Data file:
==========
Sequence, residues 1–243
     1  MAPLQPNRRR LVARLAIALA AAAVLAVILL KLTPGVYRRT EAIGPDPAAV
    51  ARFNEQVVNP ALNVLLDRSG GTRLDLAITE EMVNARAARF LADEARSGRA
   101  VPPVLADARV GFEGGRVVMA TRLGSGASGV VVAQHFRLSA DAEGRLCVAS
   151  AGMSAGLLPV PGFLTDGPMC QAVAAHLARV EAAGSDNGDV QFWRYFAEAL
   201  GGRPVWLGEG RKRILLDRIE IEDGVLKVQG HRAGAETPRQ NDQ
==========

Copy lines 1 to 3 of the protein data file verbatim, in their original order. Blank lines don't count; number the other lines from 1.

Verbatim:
Sequence, residues 1–243
     1  MAPLQPNRRR LVARLAIALA AAAVLAVILL KLTPGVYRRT EAIGPDPAAV
    51  ARFNEQVVNP ALNVLLDRSG GTRLDLAITE EMVNARAARF LADEARSGRA